The Lifetime Isa has not been designed to cut across the pension system but is intended to serve young people’s savings needs, the Treasury has argued.
Speaking at the Westminster Business Forum seminar, Edward Odell, head of the savings branch at the Treasury, defended commentators attacks following the launch of the new Lifetime Isa, saying it is not “a replacement for pensions”.
He says: “Simplicity should be the objective and Lifetime Isas are about responding to that ask of flexibility for products. It is not a replacement for pensions but is around making sure there are products out there that are simple to understand. The reaction to Lifetime Isa has underlined that point.”
The Lifetime Isa, unveiled by Chancellor George Osborne in the March Budget, will allow investors under the age of 40 to save up to £4,000 a year and receive a 25 per cent government top-up.
“Lifetime Isa aims to tackle the binary choice of saving for a house or later in life. It is a meaningful incentive for some people who are not engaged with pensions and savings.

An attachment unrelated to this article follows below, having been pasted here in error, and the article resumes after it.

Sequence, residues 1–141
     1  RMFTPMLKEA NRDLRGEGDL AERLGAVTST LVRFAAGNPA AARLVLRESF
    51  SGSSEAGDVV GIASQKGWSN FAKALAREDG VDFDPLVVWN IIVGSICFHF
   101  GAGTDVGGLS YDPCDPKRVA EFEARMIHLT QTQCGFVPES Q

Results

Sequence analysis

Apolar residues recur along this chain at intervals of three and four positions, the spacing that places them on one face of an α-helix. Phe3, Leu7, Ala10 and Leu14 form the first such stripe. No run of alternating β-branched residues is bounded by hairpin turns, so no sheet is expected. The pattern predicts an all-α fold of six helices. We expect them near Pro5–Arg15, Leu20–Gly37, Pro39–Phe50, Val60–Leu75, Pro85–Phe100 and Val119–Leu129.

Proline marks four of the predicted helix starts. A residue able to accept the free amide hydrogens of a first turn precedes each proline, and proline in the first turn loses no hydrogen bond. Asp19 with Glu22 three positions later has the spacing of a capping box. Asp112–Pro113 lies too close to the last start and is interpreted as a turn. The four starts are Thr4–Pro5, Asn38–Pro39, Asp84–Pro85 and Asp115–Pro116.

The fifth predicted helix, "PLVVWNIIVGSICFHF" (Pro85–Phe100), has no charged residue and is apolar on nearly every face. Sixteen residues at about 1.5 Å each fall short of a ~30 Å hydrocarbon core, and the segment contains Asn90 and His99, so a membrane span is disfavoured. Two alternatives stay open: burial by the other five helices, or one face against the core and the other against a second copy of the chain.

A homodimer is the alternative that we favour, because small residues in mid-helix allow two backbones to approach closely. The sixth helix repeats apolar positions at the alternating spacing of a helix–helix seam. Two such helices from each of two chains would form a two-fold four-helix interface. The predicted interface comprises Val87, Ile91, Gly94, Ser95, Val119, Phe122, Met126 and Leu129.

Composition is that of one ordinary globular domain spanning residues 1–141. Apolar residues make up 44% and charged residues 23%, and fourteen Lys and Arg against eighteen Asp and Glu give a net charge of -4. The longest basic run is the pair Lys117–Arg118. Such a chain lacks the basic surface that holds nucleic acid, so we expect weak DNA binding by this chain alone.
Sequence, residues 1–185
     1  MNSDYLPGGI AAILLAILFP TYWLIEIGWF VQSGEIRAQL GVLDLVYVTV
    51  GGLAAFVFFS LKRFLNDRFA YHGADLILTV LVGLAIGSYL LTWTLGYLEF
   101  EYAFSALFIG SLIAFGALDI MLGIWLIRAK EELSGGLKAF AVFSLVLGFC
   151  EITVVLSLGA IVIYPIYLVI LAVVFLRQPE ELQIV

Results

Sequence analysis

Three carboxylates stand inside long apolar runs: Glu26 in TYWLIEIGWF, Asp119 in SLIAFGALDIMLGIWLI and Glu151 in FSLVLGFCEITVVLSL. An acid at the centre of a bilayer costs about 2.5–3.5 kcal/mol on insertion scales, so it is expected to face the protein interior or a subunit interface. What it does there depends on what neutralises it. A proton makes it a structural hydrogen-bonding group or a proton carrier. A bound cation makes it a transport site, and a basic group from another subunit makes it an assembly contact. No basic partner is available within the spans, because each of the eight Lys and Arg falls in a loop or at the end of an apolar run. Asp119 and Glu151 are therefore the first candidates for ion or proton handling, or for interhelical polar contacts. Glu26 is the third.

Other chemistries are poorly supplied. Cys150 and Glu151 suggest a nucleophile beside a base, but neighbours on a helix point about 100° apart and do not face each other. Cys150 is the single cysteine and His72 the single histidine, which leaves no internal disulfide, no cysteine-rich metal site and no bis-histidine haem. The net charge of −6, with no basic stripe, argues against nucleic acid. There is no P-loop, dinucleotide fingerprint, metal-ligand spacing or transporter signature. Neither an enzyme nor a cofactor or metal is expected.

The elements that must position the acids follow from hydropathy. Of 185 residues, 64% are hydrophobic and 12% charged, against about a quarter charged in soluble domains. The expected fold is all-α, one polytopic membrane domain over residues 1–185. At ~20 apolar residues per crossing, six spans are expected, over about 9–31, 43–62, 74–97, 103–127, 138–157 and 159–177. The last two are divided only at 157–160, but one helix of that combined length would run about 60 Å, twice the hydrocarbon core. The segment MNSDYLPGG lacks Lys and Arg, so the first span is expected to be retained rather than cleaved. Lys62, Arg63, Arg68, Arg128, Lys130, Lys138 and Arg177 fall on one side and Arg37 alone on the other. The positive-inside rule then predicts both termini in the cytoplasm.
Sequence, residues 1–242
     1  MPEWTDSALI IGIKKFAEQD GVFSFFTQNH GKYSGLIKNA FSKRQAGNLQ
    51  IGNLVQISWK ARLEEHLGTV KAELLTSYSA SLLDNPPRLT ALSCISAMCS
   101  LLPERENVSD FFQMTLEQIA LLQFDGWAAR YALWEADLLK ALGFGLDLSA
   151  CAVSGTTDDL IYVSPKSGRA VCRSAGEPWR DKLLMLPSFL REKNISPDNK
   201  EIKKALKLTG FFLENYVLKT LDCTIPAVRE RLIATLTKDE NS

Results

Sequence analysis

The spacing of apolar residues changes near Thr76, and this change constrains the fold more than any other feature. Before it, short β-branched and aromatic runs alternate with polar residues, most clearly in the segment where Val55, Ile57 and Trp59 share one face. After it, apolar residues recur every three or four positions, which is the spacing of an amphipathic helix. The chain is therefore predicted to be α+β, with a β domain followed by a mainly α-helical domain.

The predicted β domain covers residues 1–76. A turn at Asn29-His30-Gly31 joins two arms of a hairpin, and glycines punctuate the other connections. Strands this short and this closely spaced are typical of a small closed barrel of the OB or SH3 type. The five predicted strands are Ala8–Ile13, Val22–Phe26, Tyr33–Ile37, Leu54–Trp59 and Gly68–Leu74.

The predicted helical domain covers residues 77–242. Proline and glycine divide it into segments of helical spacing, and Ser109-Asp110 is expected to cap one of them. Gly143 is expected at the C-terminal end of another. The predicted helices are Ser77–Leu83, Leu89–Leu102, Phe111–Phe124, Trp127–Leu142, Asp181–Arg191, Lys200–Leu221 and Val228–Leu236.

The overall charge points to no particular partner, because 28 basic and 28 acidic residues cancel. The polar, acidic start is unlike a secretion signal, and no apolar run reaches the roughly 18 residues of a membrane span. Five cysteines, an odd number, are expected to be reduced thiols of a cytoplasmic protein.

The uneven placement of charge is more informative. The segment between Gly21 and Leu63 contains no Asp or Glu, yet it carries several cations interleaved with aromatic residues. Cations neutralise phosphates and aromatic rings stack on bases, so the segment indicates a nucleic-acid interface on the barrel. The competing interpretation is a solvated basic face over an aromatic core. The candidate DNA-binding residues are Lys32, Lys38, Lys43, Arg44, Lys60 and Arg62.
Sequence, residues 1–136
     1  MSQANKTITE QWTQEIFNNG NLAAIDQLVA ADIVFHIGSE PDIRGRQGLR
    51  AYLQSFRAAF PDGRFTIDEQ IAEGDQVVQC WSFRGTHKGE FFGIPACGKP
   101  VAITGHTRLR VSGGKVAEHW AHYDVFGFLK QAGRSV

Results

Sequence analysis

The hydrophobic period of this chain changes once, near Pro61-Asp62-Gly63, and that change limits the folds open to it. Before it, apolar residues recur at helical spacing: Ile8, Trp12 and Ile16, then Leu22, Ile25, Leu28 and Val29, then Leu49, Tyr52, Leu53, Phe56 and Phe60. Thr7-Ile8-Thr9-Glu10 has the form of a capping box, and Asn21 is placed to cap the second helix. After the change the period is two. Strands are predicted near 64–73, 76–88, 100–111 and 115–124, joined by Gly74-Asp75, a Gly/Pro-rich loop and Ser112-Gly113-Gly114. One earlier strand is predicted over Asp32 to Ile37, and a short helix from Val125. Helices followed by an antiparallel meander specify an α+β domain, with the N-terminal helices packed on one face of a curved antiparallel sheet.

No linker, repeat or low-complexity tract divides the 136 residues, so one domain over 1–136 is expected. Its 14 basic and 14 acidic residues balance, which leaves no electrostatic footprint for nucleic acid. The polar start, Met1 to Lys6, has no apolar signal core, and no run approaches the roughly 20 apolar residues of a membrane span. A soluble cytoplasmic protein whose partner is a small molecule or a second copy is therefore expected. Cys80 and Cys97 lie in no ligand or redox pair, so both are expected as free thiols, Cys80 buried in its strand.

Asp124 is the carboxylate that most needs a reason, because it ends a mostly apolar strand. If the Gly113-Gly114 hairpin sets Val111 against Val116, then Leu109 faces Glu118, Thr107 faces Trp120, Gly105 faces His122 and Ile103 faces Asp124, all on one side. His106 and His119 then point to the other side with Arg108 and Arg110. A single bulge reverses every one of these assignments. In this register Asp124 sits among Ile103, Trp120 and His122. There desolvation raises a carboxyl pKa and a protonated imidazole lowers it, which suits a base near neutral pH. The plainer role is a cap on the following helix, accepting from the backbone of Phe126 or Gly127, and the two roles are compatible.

“This was an issue that was raised in last year’s consultation on pension tax relief. There is very clear evidence of a lack of understanding of young people around how this tax relief works but also a desire for flexibility.”
During the seminar, a few panelists deemed Isa products have reached “a tipping point” among consumers as they now create confusion.
There are five different Isa products in the market with the Lifetime Isa being available from April 2017.
Nutmeg chief executive Nick Hungerford said: “Isas are a brand that work but this is going to reach a tipping point because people don’t understand the difference among all of them.”
Also speaking at the event, Andrew Baddeley-Chappell, head of policy and governance at Nationwide Building Society, attacked the complexity of the Isa market.
He says: “Even the government’s own cash savings provider is unable to catch up with all the changes. We have a benign market which is not helping savings. The government intervention has created complexity with consumers struggling to understand products.”
The government is currently in an “open discussion mode” on finalising the details on Lifetime Isa and is also “exploring” alternative life events that might count for tax relief purposes as outlined in the latest Budget document, Owen says.